As advisors in art collection management, we often get inquiries from people who have inherited a work of art or a collection and are interested in donating to a museum. Many assume that most museums will be glad to accept a given art work to their collection. Unfortunately, it is not as easy as one would think. First of all, the art work or collection in question needs to fit into the museum’s mission. Even if it does fit the mission, the museum may already have a number of similar works. For example, we recently inventoried and advised on a large collection of Mexican folk art that had been acquired by an recognized academic in the field. However, many of the museums with a mission congruent with her folk art collection, already had many similar works and were very selective in accepting objects from the collection. The reality is, that there are costs to accepting an artwork or a collection – costs to store, costs to conserve and maintain, and costs to research. Museums are more likely to accept if the artwork or collection fills a gap in a collection, or if the artwork fits into a category that the museum is looking to expand.
In the case of antiquities or cultural property, curators may be concerned about the authenticity of an object, or if that object may have been acquired in violation of international cultural patrimony laws. If the owner does not have a solid provenance (history of ownership) for the artifact, documentation that it was acquired from a respected and known auction house, gallery or collector, it can be viewed as a red flag by curators about its authenticity or the legality of its acquisition. For more on the ins and outs of donation, click on the link below.
Art fraud is a multi-billion dollar industry in the United States. Consequently, authenticity, the degree to which an art work can be said to have been indisputably created by an artist, is a key aspect of value and of vital interest to both appraisers and collectors.
At a recent seminar in Los Angeles, attorney Christine Steiner of Sheppard Mulllin and Debra Burchett-Lere, Director of the Sam Francis Foundation, reported on the evolving legal ramifications for authenticating artwork. In recent years, a number of high profile court cases have addressed the liability of sellers, buyers, auction houses, independent experts and artist’s foundations when it comes to authenticating works of art. These cases illustrate the challenges of authenticating works of art which have included disagreements among recognized experts, the sophistication of art forgery techniques, as well as differing authentication standards in the United States and other countries. Other complicating factors in determining the authenticity is the absence of catalogue raisonnés and other comprehensive documentation on an artist’s works.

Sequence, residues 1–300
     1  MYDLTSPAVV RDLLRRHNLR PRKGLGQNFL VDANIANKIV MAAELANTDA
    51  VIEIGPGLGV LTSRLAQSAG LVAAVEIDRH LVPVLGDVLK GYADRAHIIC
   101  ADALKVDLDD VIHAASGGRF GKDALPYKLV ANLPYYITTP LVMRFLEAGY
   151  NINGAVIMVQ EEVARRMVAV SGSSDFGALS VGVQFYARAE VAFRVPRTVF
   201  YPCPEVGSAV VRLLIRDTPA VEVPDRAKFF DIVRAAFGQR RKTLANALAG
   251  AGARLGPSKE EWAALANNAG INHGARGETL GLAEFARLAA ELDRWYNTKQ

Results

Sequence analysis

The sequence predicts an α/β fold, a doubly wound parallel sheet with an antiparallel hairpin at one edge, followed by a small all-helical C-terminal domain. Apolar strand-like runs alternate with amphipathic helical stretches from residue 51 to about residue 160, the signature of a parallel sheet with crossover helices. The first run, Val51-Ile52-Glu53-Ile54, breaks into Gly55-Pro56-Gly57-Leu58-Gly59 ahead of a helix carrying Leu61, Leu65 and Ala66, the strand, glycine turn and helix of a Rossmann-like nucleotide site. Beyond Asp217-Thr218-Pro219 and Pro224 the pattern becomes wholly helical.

Sam Francis: Catalogue Raisonné of Canvas and Panel Paintings, 1946–1994
Edited by Debra Burchett-Lere with featured essay by William C. Agee
(Photo courtesy the Sam Francis Foundation, California)
Because of the increasingly litigious environment in the art world, and the high costs of defending opinions of authenticity, it is becoming more difficult to get artist’s foundations, authentication boards and independent experts to render opinions. One high-profile example is the Andy Warhol Foundation which recently announced that it is disbanding its authentication board. Other artist’s foundations are reviewing their liability in the event of disputes over the authenticity of specific works. These cases are impacting the creation of catalogue raisonnés, the authoritative catalogues that document an artist’s production of works over a lifetime. Consequently, provenance, the history of ownership of an artwork, is more important than ever as an element of authenticity.
The American Society of Appraisers states that appraisers witness, identify and value, but do not authenticate. However, appraisers frequently must take into consideration the authenticity of artworks as part of the appraisal process. This is done through the careful physical inspection of the artwork, consultation with experts or the artists themselves, research of published material such as catalogue raisonnés, and in some cases, scientific testing. It is often necessary for appraisers to examine works outside the frame in order to look for key markers of attribution including signatures, watermarks, edition number, and titles. Discrepancies between the art work and documentation on the artist and their known works that raise questions about the authenticity of a given work must be discussed in the appraisal report.
What should collectors do?
Purchase art from reputable sources and request warranties of authenticity. A warranty, as opposed to a certificate, should offer the buyer protection and recourse if the work is discovered not to be authentic at a later date.
When purchasing a work of art seek information on the provenance, the prior history of ownership of the work.
Maintain all documents relating to the acquisition of a work of art, such as sales receipts, as well as provenance.
If a work of art is reframed retain all information that may be affixed to the prior frame or enclosure such as gallery stamps and stickers, written notes, custom’s stamps, etc…
If you own a work by an artist who is represented by a foundation, it may be beneficial to inquire if the work can be registered, particularly if the foundation is documenting the artist’s work in a single or multiple catalogue raisonnés. The Sam Francis Foundation, for example, offers the owners of Francis works the opportunity to register the work and to obtain a Documentation Data Sheet with information on the creation and history of the work.
For additional information go to http://www.samfrancisfoundation.com